The International Equestrian Federation (FEI) recently cleared a severely emaciated horse, “Shakla’s Sudden Impact” from Bahrain to compete in a lengthy, exceedingly strenuous endurance race. The Festival Mondial d’Endurance in Compiègne, France is a 100-mile race that serves as a qualifying event for the World Equestrian Games coming up in July of this year in Normandy, France. The FEI also serves to clear horses for that major equestrian event. Disturbing photos taken of the clearly emaciated horse before the start of the endurance race surfaced and welfare groups have expressed their outrage at the IEF. Despite the obvious health concerns evidenced by the abnormally lean body composition of the horse, Shakla was cleared for competition and it was not until the horse had run 46 miles that veterinarians made the decision to pull it from the race.
Competitors in excess of 200 come from 32 different countries to participate at Compiègne and the race is sponsored by the deputy prime minister of the United Arab Emirates HH Sheikh Mansour bin Zayed Al Nahyan. He is also the Chairman for the Emirates Arabian Horse Association.
Veterinarians who have reviewed the pre-race photos of Shakla have called them “disgusting” and the FEI is now under pressure to “tighten the rules” on the clearance of horses who by all logic should be physically sound and in good overall health in order to be allowed to compete. The value of the competition to the owner should never be put before the welfare of the horse and yet it seems that in this case that may be what happened.
Trainer and breeder Jean-Louis Tosque had already started a petition in 2013 to reform certain standards for endurance horses and he notes that Shakla had been seen more than once by the FEI officials and yet they let the horse pass “without saying anything.” Tosque further said that if a horse in Shakla’s condition were discovered outside of the endurance environment, “someone would be reported for abuse.” Mark Lucey, a British veterinarian for endurance and racing events also weighed in commenting that Shakla was “absolutely skeletal” and that the FEI has, “got to sort it out.” It is shocking that the horse, who is all bones and has very little muscle mass was not pulled from the race until it had already run a full 46 miles.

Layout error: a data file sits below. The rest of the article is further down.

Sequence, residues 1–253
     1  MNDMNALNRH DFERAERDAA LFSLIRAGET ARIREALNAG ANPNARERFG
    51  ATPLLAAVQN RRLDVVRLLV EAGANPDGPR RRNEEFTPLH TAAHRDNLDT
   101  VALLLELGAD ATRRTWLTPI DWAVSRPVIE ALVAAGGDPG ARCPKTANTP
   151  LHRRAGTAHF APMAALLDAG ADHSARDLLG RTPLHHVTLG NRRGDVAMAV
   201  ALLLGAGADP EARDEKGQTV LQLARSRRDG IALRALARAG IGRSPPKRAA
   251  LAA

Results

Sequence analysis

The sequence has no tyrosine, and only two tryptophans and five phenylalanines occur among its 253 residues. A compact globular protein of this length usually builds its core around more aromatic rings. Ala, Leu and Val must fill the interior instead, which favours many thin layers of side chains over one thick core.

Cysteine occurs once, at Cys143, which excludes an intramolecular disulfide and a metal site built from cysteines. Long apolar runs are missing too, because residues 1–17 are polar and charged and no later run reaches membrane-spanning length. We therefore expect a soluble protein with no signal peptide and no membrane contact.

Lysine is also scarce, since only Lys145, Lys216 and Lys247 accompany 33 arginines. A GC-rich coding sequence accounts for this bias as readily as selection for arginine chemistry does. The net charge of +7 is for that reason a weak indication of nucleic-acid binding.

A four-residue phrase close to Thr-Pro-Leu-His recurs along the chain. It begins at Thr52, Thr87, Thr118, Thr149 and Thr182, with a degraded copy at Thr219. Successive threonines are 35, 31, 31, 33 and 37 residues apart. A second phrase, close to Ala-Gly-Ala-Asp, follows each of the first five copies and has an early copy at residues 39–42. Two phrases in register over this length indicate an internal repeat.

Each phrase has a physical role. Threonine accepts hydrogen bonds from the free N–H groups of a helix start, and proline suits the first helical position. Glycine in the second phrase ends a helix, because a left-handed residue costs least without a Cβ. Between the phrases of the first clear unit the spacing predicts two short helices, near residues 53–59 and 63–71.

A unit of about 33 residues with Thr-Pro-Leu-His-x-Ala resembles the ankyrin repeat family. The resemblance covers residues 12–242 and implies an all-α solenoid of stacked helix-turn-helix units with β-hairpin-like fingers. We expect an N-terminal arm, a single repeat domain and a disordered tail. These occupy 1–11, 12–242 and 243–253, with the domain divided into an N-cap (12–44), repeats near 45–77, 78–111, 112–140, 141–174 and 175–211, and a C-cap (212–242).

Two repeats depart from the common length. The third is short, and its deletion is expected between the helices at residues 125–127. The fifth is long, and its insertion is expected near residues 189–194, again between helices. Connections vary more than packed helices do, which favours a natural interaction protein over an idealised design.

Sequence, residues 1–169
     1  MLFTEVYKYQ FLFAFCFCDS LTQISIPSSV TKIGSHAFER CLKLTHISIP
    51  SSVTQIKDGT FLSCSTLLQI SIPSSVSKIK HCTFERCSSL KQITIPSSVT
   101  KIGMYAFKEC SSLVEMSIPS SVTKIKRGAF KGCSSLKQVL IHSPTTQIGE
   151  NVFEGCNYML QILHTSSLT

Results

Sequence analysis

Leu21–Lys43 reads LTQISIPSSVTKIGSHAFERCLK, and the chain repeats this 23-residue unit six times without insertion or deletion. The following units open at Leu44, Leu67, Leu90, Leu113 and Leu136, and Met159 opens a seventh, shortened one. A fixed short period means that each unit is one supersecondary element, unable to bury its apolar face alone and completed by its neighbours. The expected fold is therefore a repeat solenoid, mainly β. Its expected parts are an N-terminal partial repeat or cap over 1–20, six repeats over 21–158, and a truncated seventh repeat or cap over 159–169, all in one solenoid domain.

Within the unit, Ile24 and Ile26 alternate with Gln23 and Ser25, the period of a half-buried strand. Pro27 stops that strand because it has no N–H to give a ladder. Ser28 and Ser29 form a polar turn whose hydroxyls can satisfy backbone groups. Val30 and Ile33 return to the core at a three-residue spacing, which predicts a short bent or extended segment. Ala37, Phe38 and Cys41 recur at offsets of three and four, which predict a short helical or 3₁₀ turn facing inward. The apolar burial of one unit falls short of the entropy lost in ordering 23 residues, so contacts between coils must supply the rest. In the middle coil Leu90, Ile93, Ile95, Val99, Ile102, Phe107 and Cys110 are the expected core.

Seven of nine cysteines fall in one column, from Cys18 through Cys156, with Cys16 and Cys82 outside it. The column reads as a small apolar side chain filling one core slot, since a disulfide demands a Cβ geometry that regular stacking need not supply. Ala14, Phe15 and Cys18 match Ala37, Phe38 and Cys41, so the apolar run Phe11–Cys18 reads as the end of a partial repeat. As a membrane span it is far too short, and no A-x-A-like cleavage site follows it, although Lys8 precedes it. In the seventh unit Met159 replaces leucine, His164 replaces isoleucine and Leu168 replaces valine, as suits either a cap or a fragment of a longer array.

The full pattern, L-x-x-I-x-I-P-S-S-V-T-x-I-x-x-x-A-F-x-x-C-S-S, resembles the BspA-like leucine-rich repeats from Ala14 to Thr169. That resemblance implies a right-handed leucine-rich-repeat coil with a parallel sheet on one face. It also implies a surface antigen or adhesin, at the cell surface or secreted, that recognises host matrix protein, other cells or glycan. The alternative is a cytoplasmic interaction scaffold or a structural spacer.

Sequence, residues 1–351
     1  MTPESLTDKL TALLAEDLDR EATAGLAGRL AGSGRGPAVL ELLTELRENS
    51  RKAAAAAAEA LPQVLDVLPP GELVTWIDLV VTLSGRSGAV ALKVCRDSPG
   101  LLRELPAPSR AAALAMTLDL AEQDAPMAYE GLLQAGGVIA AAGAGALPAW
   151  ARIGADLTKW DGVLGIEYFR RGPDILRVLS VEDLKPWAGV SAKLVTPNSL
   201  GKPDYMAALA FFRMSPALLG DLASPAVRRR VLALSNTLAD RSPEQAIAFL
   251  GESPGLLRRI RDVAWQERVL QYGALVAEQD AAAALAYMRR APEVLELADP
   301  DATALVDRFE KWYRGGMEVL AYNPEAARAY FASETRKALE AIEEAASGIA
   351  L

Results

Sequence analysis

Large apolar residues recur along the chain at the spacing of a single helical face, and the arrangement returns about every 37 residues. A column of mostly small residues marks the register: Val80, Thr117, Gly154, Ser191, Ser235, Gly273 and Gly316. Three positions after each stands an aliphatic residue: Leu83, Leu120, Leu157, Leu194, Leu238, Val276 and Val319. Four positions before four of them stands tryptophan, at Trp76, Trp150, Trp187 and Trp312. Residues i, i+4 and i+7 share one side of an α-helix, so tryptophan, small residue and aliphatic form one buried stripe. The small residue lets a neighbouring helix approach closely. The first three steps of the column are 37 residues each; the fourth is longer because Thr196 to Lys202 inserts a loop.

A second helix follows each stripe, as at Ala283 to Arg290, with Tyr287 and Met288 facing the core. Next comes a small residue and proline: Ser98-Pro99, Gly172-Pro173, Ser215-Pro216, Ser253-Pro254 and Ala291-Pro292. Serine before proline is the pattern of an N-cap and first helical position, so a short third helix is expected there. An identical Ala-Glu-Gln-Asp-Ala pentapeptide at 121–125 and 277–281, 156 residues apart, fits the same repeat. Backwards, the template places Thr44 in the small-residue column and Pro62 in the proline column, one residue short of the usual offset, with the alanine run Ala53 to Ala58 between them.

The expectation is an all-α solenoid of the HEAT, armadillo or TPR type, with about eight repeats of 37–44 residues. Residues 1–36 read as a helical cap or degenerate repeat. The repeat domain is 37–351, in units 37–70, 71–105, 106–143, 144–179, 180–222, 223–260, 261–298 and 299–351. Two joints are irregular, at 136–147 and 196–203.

An FEI official has defended the decision to let Shakla compete in the race in France claiming that the horse was simply “lean” but not emaciated and she has compared the horse to human marathon runners. However, World Horse Welfare group which serves as a consultant for the FEI expressed genuine concern over the organization’s decision to let Shakla race. Representative Roly Owers spoke about the FEI rules and “Code of Conduct” which state, “no horse deemed unfit may compete.” Clearly, in this case, those rules were violated.
Despite the denials by the FEI that Shakla was simply a “lean” competitor, the photos tell a very different and very graphic story. The fact that a severely emaciated horse was cleared to compete in a grueling endurance race seems to indicate either a dearth of good judgment or potential corruption at the FEI. It is disturbing to think that the horse ran 46 miles before veterinarians had the sense to pull it from the race. An investigation into the safety rules and the protocols for clearing horses for competition, whether it be in endurance or any other equine sport needs to launched and the FEI held accountable for their decision to allow a clearly emaciated and unhealthy horse to compete in the Mondial d’Endurance in Compiègne in France.
Opinion by Alana Marie Burke
Horse and Hound